Eureka Pinnacle Pass 2XTA Tent Review

This is a review of the Eureka Pinnacle Pass 2XTA, a two-person, fairly lightweight tent for bicycle touring or backpacking.


Eureka Pinnacle Pass 2XTA Footprint
Eureka Pinnacle Pass 2XTA Layed Out
Eureka Pinnacle Pass 2XTA Pole Into Sleeve
Eureka Pinnacle Pass 2XTA Pole Attachment
Eureka Pinnacle Pass 2XTA Poles Connected
Eureka Pinnacle Pass 2XTA Freestanding
Eureka Pinnacle Pass 2XTA With Fly Attached
Eureka Pinnacle Pass 2XTA Velcro Fly Attachment
Eureka Pinnacle Pass 2XTA Fly Door Zipper Detail
Eureka Pinnacle Pass 2XTA Fly Door Tied Back
Eureka Pinnacle Pass 2XTA Vestibule View
Eureka Pinnacle Pass 2XTA Door Zippers
Eureka Pinnacle Pass 2XTA Door Tied Back
Eureka Pinnacle Pass 2XTA Inside Floor View
Eureka Pinnacle Pass 2XTA Inside Ceiling View
Eureka Pinnacle Pass 2XTA After Rain

I purchased a Eureka Pinnacle Pass 2XTA as a replacement for an old dome tent that must have been 25 years old. The old tent was still largely functional, though definitely showing its age. Here are the criteria I used when selecting the new tent:

  • Easier to set up and take down – The old tent had three fiberglass poles that fed through sleeves in the top of the tent. The poles were constantly getting hung up as they passed through the sleeves.
  • Better ventilation – The old tent had only two mesh areas: the top of the tent and the door of the tent. If the door of the tent was closed due to rain, and if the rain fly were attached, there was very little air movement within the tent.
  • Smaller pack size – The old tent was about 26 inches in length, packed.
  • Footprint/Groundcloth – The old tent didn’t have this (I could have used a tarp, of course, but never did).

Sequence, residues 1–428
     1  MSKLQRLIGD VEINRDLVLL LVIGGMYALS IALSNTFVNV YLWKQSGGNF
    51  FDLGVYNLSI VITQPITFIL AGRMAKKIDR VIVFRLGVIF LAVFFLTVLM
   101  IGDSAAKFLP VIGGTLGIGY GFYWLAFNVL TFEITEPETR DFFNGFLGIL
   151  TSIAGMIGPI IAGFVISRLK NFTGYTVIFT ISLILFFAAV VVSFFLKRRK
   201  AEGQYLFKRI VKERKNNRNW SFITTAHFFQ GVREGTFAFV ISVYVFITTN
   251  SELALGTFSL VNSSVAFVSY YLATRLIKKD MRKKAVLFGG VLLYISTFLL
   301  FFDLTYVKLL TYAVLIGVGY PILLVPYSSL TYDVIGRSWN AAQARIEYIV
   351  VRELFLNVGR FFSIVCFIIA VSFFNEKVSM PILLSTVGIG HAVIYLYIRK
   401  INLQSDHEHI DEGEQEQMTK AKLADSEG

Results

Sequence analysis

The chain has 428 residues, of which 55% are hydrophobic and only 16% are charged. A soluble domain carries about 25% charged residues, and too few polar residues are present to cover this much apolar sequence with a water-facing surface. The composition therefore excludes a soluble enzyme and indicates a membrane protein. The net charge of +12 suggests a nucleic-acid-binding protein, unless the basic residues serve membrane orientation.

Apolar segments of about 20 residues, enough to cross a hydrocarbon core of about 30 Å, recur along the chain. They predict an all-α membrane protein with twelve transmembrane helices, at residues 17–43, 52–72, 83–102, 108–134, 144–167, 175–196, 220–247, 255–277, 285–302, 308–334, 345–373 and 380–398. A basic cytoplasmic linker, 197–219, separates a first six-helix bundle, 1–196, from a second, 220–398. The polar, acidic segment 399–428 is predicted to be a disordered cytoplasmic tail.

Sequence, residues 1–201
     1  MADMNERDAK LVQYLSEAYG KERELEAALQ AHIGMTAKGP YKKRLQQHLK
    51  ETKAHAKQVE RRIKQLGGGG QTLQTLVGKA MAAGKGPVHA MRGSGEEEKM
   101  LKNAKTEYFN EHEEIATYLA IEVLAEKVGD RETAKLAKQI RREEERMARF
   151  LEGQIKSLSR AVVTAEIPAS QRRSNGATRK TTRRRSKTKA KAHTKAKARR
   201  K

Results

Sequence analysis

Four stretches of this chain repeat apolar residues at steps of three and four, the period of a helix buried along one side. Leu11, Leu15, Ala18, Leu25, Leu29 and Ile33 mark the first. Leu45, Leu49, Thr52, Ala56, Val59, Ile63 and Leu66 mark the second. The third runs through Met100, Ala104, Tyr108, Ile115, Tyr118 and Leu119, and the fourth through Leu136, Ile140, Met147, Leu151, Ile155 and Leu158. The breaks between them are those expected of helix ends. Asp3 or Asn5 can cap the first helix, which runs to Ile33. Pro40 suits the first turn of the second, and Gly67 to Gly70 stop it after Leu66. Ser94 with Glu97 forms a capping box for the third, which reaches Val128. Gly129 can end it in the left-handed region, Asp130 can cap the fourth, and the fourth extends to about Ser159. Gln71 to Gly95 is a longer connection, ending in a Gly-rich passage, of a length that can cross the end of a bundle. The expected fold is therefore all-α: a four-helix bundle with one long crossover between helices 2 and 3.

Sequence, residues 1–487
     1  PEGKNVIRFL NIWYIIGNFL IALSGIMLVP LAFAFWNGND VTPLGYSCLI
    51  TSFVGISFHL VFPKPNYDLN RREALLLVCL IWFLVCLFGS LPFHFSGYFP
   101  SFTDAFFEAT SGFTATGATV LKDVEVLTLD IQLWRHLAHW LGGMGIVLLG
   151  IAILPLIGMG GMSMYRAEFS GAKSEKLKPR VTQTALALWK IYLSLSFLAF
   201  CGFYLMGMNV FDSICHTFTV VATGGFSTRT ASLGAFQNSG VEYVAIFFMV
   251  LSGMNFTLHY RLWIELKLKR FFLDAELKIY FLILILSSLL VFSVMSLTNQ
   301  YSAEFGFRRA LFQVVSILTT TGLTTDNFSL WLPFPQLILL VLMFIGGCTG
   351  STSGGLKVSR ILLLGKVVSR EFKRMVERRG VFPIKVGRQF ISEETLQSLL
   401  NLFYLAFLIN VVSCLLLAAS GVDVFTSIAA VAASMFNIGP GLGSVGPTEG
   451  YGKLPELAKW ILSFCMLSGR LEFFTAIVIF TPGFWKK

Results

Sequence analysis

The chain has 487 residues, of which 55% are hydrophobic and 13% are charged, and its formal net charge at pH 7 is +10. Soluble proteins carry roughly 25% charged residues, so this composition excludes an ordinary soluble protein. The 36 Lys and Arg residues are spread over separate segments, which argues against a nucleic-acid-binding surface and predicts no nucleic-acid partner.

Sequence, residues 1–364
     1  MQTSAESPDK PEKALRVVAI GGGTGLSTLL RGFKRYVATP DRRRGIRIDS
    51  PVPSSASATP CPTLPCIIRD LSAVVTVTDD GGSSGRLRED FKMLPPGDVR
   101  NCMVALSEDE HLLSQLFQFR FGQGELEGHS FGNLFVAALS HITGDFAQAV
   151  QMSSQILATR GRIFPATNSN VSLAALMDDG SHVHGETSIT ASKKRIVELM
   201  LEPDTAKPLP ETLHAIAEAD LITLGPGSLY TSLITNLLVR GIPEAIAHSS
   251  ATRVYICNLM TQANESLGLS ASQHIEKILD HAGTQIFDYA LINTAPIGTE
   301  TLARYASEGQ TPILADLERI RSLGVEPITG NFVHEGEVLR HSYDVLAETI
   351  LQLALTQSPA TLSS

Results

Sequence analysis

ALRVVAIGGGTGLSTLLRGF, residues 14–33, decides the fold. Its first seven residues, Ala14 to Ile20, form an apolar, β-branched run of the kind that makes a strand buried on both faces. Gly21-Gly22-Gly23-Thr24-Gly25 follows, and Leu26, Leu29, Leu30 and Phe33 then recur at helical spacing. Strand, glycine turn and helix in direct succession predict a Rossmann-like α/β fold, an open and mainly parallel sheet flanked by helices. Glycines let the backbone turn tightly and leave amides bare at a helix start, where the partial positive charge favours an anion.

• Lighter – The old tent weighed 5 pounds 11 ounces packed.
  • Two-Person Size – Although I primarily wanted the tent for solo use, I didn’t want to be cramped for space. The dome tent is a two-person tent (I assume), but the octagonal shape didn’t seem to make the optimal use of space.
  • Needs to be freestanding.

After shopping for tents for awhile, and considering models from various manufacturers, I settled on the Eureka Pinnacle Pass 2XTA. Here are the factors that led me to choose this tent:

  • It’s a two-person tent, with 36.5 sq. ft. of space. I’m not sure how this compares with the dome tent, though the space is rectangular rather than octagonal, so should be better.
  • It only used two poles instead of three, and aluminum instead of fiberglass.
  • It has two large doors, rather than one.
  • It has mesh on three sides of the tent, so ventilation should be better.
  • The pack size was specified as 6″ x 18.5″.
  • It is specified with a “minimum weight” of 4 lbs. 11 oz.
  • It has two vestibules for outside storage that’s still protected from rain.
  • It only has two short sleeves, and clips for attaching the tent to the poles, so setup/takedown should be easier and quicker.
  • It is freestanding.
  • The price was reasonable: $159.90 list.
  • Eureka offers a “Floor Saver” footprint/groundcloth; there may be cheaper alternatives, but this one is sized to fit the tent.

I purchased the tent from on 05-23-2007, it shipped on May 25th, and I received it on May 30th. The total cost was $131.89: $109.95 for the tent, $9.99 for the footprint, and $11.95 for shipping. Eureka also offered a $20 rebate, which I sent in and received within a few weeks.

Setup is pretty easy:

  • Lay out the groundcloth.
  • Spread the tent on the groundcloth.
  • Anchor corners if it’s windy.
  • Assemble poles.
  • Put the rounded end of the pole in one of the sleeves.
  • Bend pole and attach the other end to the pin on the opposite corner.
  • Repeat with second pole.
  • Attach tent at intersection of the two poles.
  • Attach clips.
  • Add rainfly (note that the “!” symbol on the fly is at the opposite end of the “!” symbol on the tent).
  • Connect the four corners of the fly to the tent.
  • Attach fly to the poles with the velcro ties.
  • Anchor the tent using the supplied stakes.
  • Add additional guy-out lines if expecting storms.

Notes & analysis:

  • The tent seams are pre-taped on the bathtub floor, which is about 6-8 inches in height.